Wednesday, June 14, 2017

High-Quality Edible Native Hawthorns

High Quailty Edible Native Hawthorns for the Great Lakes Region

Looking for a "native" plant that is also good to eat, beautiful, and easy to grow?

Consider some of our native hawthorns. It's true: most hawthorns have poor tasting, small, seedy fruit that's best left to the birds. And most the birds won't even bother with, leaving them on the tree even through the winter and into the spring. 

But a few hawthorns are quite good to eat, and some are even being cultivated for commercial production. They're especially good additions to "native gardens" or where grant funds or other regulations require that a planting be "native."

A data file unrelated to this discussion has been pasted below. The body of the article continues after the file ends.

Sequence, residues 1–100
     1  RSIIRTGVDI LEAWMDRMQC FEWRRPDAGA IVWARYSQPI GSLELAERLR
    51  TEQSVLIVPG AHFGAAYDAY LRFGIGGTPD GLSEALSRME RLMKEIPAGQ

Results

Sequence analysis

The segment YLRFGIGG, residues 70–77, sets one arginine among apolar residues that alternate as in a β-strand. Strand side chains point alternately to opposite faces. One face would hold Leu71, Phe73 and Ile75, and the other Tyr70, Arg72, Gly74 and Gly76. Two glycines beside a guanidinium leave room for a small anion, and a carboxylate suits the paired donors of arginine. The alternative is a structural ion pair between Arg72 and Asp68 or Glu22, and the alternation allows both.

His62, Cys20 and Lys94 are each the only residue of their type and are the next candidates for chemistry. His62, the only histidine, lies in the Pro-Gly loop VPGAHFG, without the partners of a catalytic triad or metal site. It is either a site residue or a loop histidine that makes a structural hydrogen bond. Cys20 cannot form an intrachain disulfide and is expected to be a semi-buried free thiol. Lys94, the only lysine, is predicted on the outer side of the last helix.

I cross-referenced the USDA's listing of Michigan native hawthorns with edibility ratings from the Plants for a Future database and my personal knowledge of breeding programs and commercial varieties to come up with this list. You'll notice that I always use the term "native" in quotes, since what is considered a "native" is often more a subjective matter of politics and opinion, rather than science or concrete fact. The crataegus genus (hawtorns) are a particulary good example of this, with very poor understanding and documentation, and many previous specie now being considered synonyms for the same species. In other cases, species such as crataegus pennsylvanica are thought to have walked right up to the Michigan border (with known populations in northern Ohio,) and then skipped over to establish themselves as natives in Wisconsin, but somehow its seeds (and the birds carrying them) refused to cross the future MI border. Or perhaps just maybe some specimens made it here but researchers have just not yet verified it as a Michigan native.